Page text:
Ice baths are extremely popular within athletics. Many athletes get one the day before competition, some even every day. However, is this just a a crazy fad, or is this a legitimate treatment? I personally take an ice bath every training day, but is this the correct application? There’s actually two questions to the argument: Are ice baths beneficial in any way, and if so, when and how often should I take one?
I talked a little bit about ice baths in my blog, How To Prepare For A Race, and I would like to go deeper into it.
During a workout, particularly a hard one, your muscle fibers are repeatedly being broken down. After the workout, they need to be rebuilt. Your body rebuilds itself with the oxygen that your blood vessels move to your muscle tissue and removes lactic acid on the way. Too much lactic acid will lead to muscle soreness and slower recovery. When you submerge yourself in 50 degrees of water, it causes your blood vessels to retract/tighten. This is what will get rid of the lactic acid in your muscles, and reduce swelling to promote blood flow. Then, when you stand up from the miserable bath, your muscle tissues warm up again, producing the return of the oxygen that your muscles need in order to recover.
Now that we have covered how the cold therapy works, lets look into how to apply it to our training. Ideally you should hop in the tub immediately after your workout, but I am a firm believer of stretching, so I suggest you stretch out first. Many athletic trainers suggest to have the water between 54 and 60 degrees Fahrenheit. So grab a thermometer and lots of ice, and head over to your tub. Fill up the tub with cold water and ice until it is high enough to cover up to your hips while you are sitting. Keep adding ice until the temperature is between 54 and 60 degrees. Although it is called and ice bath, the ice doesn’t have to be physically present within the tub. Just as long as it is the right temperature. If it is your first time, go for the warmer temperature as your body won’t be used to the cold therapy. I also suggest wearing a hoodie and watching a movie on your phone to distract yourself from the pain and misery. You should sit and soak for 5-10 minutes. Once again, if it’s your first time, go for the shorter amount of time.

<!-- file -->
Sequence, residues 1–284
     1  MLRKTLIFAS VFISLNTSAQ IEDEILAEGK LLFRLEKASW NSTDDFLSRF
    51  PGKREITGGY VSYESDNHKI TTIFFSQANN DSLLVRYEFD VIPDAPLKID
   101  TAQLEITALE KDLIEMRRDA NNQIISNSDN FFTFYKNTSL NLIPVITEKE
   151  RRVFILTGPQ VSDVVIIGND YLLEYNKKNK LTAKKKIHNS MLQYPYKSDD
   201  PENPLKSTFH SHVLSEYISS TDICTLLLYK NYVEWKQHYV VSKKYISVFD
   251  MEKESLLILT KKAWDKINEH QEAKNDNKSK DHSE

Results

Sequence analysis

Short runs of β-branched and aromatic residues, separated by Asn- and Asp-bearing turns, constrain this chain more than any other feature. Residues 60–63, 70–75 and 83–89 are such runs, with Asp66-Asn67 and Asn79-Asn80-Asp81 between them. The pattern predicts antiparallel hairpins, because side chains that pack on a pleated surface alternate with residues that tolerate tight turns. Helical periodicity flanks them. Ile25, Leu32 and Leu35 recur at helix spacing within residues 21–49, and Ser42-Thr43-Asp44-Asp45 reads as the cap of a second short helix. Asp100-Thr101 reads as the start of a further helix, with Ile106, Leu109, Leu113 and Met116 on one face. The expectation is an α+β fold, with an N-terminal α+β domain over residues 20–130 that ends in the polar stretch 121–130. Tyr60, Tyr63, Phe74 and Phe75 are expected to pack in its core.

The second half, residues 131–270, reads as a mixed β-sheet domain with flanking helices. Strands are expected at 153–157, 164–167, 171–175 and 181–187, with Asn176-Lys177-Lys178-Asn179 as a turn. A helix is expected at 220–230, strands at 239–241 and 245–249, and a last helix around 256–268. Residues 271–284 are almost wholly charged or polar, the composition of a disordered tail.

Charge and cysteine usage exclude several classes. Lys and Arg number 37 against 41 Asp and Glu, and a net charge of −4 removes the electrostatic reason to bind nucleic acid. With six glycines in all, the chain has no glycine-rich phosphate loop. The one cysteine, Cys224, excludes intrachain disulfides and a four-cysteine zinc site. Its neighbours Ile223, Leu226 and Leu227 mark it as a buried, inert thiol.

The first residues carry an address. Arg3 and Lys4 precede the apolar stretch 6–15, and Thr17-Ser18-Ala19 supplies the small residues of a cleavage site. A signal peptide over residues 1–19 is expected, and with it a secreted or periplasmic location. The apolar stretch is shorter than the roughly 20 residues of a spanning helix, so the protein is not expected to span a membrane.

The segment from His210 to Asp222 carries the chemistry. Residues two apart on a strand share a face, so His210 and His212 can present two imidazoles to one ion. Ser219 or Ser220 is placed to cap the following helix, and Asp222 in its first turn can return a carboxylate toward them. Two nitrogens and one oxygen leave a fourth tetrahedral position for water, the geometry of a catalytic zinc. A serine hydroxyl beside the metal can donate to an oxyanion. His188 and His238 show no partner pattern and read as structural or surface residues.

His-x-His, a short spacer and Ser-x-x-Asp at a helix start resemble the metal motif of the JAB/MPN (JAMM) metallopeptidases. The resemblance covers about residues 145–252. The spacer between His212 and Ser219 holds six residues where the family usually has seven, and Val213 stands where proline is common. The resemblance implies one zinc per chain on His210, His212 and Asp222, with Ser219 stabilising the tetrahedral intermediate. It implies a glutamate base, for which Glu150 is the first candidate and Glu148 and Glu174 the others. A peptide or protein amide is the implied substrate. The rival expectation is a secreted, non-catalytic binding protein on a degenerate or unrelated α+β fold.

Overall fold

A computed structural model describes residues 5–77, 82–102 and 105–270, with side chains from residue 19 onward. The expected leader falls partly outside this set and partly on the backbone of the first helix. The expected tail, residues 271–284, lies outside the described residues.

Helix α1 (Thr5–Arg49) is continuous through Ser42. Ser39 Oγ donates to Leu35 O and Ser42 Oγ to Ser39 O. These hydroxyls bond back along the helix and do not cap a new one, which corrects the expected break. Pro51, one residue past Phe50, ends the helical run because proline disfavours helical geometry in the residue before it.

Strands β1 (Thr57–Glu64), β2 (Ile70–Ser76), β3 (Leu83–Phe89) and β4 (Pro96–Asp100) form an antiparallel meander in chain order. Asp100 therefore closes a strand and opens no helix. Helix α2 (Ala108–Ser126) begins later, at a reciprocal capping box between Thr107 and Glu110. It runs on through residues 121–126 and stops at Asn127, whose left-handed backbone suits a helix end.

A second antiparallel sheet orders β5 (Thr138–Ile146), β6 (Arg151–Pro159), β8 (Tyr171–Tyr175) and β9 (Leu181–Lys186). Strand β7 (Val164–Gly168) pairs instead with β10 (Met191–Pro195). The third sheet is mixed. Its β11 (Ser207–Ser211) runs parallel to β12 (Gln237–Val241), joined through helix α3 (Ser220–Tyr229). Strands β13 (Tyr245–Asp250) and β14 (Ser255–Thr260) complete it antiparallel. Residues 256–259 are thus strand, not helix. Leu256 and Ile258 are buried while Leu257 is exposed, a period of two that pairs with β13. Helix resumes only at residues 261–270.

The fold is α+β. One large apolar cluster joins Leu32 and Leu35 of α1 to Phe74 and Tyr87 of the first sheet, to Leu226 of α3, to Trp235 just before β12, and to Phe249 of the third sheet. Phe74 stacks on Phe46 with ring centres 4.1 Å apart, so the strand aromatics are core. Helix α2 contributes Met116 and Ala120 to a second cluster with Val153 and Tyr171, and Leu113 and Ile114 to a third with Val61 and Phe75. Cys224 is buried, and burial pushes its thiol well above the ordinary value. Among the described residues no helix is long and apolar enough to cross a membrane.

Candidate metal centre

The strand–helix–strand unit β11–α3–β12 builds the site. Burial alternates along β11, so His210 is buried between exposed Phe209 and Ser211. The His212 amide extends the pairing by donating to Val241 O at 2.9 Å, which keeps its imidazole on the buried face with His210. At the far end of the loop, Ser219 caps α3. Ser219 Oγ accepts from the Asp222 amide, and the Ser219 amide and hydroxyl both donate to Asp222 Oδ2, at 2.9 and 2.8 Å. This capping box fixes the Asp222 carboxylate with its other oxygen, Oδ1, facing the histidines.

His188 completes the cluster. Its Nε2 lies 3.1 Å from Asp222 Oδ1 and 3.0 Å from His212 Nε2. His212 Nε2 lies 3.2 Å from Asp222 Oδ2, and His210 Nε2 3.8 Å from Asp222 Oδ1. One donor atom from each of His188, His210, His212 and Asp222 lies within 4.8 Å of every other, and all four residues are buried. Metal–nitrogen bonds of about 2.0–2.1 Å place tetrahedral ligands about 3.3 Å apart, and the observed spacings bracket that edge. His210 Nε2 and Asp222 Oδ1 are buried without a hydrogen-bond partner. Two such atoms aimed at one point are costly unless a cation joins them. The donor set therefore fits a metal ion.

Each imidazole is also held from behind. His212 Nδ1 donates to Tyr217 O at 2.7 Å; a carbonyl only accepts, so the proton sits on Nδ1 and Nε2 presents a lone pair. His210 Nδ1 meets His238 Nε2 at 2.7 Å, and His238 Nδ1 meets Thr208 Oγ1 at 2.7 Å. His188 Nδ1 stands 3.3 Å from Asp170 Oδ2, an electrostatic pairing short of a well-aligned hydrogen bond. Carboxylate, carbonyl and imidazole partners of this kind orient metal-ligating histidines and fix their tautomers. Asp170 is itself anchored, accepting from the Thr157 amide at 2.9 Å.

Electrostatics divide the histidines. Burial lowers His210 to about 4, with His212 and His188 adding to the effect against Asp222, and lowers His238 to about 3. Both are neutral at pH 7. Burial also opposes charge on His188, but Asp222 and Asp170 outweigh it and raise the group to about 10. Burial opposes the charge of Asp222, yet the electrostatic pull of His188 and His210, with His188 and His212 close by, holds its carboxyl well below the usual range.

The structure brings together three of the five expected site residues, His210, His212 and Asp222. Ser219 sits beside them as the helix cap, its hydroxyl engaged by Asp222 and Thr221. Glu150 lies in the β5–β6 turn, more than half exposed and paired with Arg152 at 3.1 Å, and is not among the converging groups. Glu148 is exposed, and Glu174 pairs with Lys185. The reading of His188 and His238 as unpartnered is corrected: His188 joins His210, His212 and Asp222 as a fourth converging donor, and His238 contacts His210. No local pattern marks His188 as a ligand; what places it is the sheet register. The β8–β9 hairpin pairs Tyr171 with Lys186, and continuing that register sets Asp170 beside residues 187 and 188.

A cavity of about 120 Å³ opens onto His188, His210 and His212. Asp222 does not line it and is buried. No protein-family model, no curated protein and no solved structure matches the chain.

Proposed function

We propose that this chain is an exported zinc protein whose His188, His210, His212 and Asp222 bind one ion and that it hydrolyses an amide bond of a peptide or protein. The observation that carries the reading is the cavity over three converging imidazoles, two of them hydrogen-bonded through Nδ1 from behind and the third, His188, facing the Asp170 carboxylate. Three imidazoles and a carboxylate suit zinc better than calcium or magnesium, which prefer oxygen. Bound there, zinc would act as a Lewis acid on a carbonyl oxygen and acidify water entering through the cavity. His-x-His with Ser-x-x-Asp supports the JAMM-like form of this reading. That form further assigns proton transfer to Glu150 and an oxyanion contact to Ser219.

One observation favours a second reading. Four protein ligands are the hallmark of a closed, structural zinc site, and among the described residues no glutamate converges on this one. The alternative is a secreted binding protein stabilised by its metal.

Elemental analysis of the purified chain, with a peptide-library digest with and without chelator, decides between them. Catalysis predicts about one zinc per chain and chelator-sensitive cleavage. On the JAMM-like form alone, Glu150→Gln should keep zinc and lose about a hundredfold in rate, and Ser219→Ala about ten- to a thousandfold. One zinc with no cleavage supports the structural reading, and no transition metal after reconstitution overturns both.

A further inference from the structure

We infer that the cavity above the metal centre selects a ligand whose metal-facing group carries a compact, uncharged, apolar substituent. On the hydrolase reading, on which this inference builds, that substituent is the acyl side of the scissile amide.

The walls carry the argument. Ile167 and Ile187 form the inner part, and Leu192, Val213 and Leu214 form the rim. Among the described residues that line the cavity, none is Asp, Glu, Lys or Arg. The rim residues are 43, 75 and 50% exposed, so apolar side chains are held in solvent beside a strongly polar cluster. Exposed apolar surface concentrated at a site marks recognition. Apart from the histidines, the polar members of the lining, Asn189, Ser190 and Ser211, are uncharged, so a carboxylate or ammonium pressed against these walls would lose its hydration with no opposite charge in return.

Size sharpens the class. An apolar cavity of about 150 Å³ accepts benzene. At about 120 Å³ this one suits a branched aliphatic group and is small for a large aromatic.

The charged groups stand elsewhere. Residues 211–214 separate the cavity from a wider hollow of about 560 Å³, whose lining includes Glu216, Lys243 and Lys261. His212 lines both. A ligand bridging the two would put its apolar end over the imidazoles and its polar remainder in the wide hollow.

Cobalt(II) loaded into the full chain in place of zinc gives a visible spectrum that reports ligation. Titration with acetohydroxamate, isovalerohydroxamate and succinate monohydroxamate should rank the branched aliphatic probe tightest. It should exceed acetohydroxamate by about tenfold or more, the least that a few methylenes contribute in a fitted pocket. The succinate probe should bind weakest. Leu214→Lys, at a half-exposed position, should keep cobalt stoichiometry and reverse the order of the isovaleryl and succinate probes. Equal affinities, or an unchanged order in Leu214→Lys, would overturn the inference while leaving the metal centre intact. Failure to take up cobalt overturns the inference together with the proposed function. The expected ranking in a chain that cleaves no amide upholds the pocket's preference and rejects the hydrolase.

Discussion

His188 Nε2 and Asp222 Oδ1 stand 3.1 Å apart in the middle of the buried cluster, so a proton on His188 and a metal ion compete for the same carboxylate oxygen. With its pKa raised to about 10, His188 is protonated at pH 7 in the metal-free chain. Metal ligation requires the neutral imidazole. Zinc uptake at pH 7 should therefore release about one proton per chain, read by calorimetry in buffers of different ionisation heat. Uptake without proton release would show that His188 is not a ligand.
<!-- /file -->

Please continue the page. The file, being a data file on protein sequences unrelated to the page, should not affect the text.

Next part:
When your timer goes off, the first thing your going to want to do is jump into a hot shower. DON’T. This will kill the muscle recovery process and make the ice bath useless. Your body needs to gradually warm itself up, producing a steady flow of oxygen to your muscles. Don’t speed up this process.
When you stand up, you’re most likely going to feel like your legs are week and can’t balance very well. This is completely normal. Your legs became numb because your blood vessels had tightened up from the cold water. Just dry your legs off, put some pants on, and be patient. You’ll be able to walk normally in a few minutes.
Do not stretch immediately after the bath. You’re going to feel stiff and think you’re going to need to stretch out, but you shouldn’t stretch when you are cold. Just like I mentioned before, you don’t want to speed up the warming process, so don’t warm up so you can stretch. Wait about an hour, then you are good to go to warm up your muscles and begin a stretching routine.
Personally, I think ice baths are great. Granted, I would not put this over stretching if you had a muscle related injury. Based on the research that I have done, I am confident that cold therapy will greatly improve muscle recover, but I don’t have the personal experience yet. With that being said, please comment below on whether or not this is a good method for muscle recovery. If not, do you have an alternative suggestion?Tags: Cold Therapy, Ice Bath, muscle rescover, recovery